Agoraphobia is a specific type of anxiety disorder. When someone has agoraphobia, the primary symptom is a fear of being in places they perceive could be difficult to escape from. A person with agoraphobia might be afraid of or altogether avoid public transportation, being in a crowd or being in an elevator.
For some people, agoraphobia can be debilitating and can cause them to avoid going places or leaving home at all.
Find answers to questions about this anxiety disorder by browsing the below agoraphobia questions and answers.
Yes, trauma can cause agoraphobia, which is a psychological disorder that causes a fear of having panic attacks in multiple, nonspecific environments. According to the Diagnostic and Statistical Manual of Mental Disorders, 5th Edition (DSM-5), agoraphobia is characterized by fear or anxiety in at least two of the following five environments qualifies for an agoraphobia diagnosis:
- Using public transportation, or planes or trains
- Being in open spaces
- Being in enclosed spaces
- Standing in line or being in a crowd
- Being outside of the home while alone
People who have agoraphobia often avoid any environment that could cause a panic attack because they worry they’ll be unable to escape to prevent the attack from occurring. Some panic attacks link to traumatic experiences. Panic attacks can occur if a person recalls a specific event from their past. If someone fears a panic attack may occur due to a traumatic experience they may develop agoraphobia and avoid putting themselves in any circumstance that is linked to their trauma.
Yes, agoraphobia could cause depression if a person’s avoidance of a situation significantly impacts their happiness. Agoraphobia is an abnormal fear of unspecific situations that people believe they will not be able to escape from if they have a panic attack.
If this fear restricts people from activities they wish to participate in, then they could feel lonely or develop depression. People with agoraphobia may struggle to enjoy social situations because they fear a panic attack occurring. This fear causes people to avoid social situations even if their fear isn’t directly related to socializing.
No, agoraphobia does not directly cause high blood pressure. High blood pressure, also called hypertension, can be caused by numerous factors, including:
- Weight gain
- Sleep apnea
- Kidney disease
- Heart defects
- Thyroid problems
- Substance abuse
If someone has agoraphobia, they may avoid situations that promote healthier lifestyles, such as going to the gym or shopping at the grocery store. Staying away from these environments can lead to weight gain, which could result in high blood pressure.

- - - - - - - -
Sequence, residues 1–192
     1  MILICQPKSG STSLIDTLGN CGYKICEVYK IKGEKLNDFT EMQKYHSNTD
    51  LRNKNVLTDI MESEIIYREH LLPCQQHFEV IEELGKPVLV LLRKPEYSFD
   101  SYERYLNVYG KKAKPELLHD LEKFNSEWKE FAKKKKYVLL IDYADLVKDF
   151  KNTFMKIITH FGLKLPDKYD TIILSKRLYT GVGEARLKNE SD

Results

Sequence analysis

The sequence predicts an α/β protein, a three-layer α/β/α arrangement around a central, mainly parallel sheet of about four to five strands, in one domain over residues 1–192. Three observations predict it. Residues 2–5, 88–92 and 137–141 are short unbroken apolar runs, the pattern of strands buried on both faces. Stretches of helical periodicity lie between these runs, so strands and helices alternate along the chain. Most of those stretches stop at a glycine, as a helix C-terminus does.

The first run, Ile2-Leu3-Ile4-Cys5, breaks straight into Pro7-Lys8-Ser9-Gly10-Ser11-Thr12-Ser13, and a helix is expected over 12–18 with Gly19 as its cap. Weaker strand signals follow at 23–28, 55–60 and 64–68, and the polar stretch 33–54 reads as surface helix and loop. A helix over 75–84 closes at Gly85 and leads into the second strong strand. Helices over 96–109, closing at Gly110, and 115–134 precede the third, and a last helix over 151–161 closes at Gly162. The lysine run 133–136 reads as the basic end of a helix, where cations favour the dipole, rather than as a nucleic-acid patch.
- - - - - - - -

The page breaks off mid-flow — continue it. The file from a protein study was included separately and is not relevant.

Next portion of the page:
Yes, nausea is a symptom of panic attacks and severe distress, two of the most common symptoms of agoraphobia. People with agoraphobia have an extreme fear of unspecific situations or places and will avoid them because they are concerned they’ll experience a panic attack and be unable to escape the setting. If a panic attack occurs, the distressing situation could lead to the affected person feeling nauseous and increase their heart rate.
No, vertigo is not a direct result of agoraphobia. However, vertigo has many similar characteristics to dizziness, which is one potential side effect of a panic attack. Dizziness and vertigo are not interchangeable, although feeling dizzy is often an effect of vertigo.
Vertigo is a whirling sensation or loss of balance that occurs when a person is not moving. Vertigo is often caused by looking down from a great height, such as looking over the ledge of a mountain or tall building. Dizziness is feeling lightheaded or disoriented and can occur either from standing still or due to movement.
Agoraphobia is a fear of suffering a panic attack in a particular environment and being unable to escape. Dizziness can occur during a panic attack, but experiencing vertigo is uncommon.
No. Agoraphobia cannot kill you, although many people with the anxiety disorder experience irrational fears of death. In some cases, the fear of a panic attack will cause people to avoid specific environments, such as crowded places. The anticipated terror can be so extreme that some people believe they’ll die if they have a panic attack from being in a crowded place.
While panic attacks are uncomfortable, people cannot die from one. Panic attacks are temporary.
No. Currently, no connection exists between agoraphobia and schizophrenia. However, the two disorders share similar characteristics.
Agoraphobia is a fear of general situations and places that could induce a panic attack and prevent them from escaping. People who have agoraphobia fear being in two of the following five situations:
- Using public transportation
- Being in a crowded area
- Being in an enclosed space
- Being in an open setting
- Being alone outside of one’s home
Schizophrenia involves having thoughts or experiences that are out of touch with reality. People living with schizophrenia may have irrational fears that someone is attempting to harm them. Paranoia is a common side effect of schizophrenia, as is disorganized speech and decreased participation in hobbies or daily activities.
Agoraphobia involves a similar irrational paranoia, although it’s centered around a fear of a panic attack occurring in a specific situation. Like people with schizophrenia, those who have agoraphobia may avoid activities that involve socialization because they fear being in specific environments where they may feel trapped.